Growth & Development

How Unaffordable? A Look at the Data

Last week, Chapel Hill’s economic development officer, Dwight Bassett, presented some data on Chapel Hill’s housing market to a reasonably-sized crowd at Town Hall. Bassett’s presentation followed a brief talk from Robert Hickey of the National Housing Conference about what’s happening in housing trends around the country.

Like many of the other audience members, it was Bassett’s data that struck me the most. (During the Q&A following the presentations, all but one question was directed at Bassett rather than Hickey). The one number that really stood out: 3117%. That is, since 1990, the number of houses in Chapel Hill valued at over $500,000 has increased by 3117%.

Compare this to more affordable price ranges: For houses valued between $100,000-$149,000, the number of houses has increased by only 32%. For houses valued between $150,000-$199,999, there has only been a 107% increase in the number of houses.

Let's Do Parking Right: A Look at the Evidence

Parking, like traffic, is a recurring theme in local conversation about growth and development. We often hear from some community members that there is nowhere to park in downtown Chapel Hill/Carrboro, that a lack of parking is hurting local businesses, and that the parking minimums required for the Ephesus-Fordham renewal district are insufficient.

But the facts simply don’t support these claims. The reality is that providing more parking – especially surface parking – is fundamentally incompatible with urban land uses.*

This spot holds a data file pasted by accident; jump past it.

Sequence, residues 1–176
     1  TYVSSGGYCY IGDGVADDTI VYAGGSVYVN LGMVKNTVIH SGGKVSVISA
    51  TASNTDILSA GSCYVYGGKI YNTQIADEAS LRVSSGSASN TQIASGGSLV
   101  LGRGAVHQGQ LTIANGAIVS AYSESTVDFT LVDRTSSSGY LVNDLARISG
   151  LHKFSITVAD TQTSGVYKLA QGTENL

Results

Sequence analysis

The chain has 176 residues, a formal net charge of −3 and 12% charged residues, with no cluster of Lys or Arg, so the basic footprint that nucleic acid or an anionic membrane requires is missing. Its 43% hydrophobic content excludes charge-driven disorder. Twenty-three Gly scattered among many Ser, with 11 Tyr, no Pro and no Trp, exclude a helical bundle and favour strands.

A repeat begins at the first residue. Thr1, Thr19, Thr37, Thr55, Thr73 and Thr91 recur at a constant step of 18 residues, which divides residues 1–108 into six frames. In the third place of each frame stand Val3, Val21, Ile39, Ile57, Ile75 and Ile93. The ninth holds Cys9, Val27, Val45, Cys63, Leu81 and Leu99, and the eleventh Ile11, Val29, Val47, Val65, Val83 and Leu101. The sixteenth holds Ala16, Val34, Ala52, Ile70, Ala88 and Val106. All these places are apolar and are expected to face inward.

Numerous urban planning scholars have researched parking, and their research has consistently confirmed that more parking is not desirable on any metric – unless, that is, you want more people to drive and create more traffic.

The Truth About Traffic

Whenever there’s a new development proposal pending before a local governing board, the center of the conversation always seems to gravitate toward traffic. Given this tendency, I think it’s important we understand historic traffic changes in Chapel Hill and Carrboro.

The North Carolina Department of Transportation maintains historic traffic counts for urban areas around the state, including Chapel Hill. These traffic counts date back to 1997, with the most recent data being from 2013. With this in mind, let’s take a look at the average annual daily traffic in some major areas around town:

 

Area

1997

2004

2013

Change, 2013 vs. 1997

W Franklin St (just west of Columbia St)

17,400

18,000

12,000

Democracy and the Quality of Urban Life

Speaking to a sizeable crowd at Duke last Thursday night, Enrique Peñalosa, former mayor of Bogotá, shared his vision for and thoughts on “Democracy and the Quality of Urban Life.”

As mayor from 1998-2000, Peñalosa radically transformed the physical form of Bogotá. He worked to incorporate the city’s remote, illegally-constructed slums into the city by building new public spaces, parks, and pedestrian and bicycle connections. He implemented aggressive policies to limit car use by eliminating parking and creating dedicated bus lanes to improve public transit. He spoke at length during his talk about how the work he carried out as mayor was designed to make Bogotá a more inclusive, equal, and democratic city.

Increased Density is the Right Choice

This column originally appeared in the Chapel Hill News on Sunday, January 25.

By Travis Crayton & Molly De Marco

In 2014, “density” might well have been the word of the year in local government in Orange County.

Much of the debate about development in our communities boils down to preferences and emotions about the scale and density of proposed projects. (How tall? How many new units per acre?)

In 2015, the density debate is likely to rage on. But what is it about greater density that evokes such strong opinions?

Change in any facet of life is hard. When it comes to change in our neighborhoods, this is especially true. We become accustomed to a particular way of life and patterns of behavior, and we find comfort in these routines. But sometimes change is necessary. As a community professing to hold progressive values, such as environmental sustainability, socioeconomic diversity, and livability, we sometimes should embrace change to uphold and live out these values.

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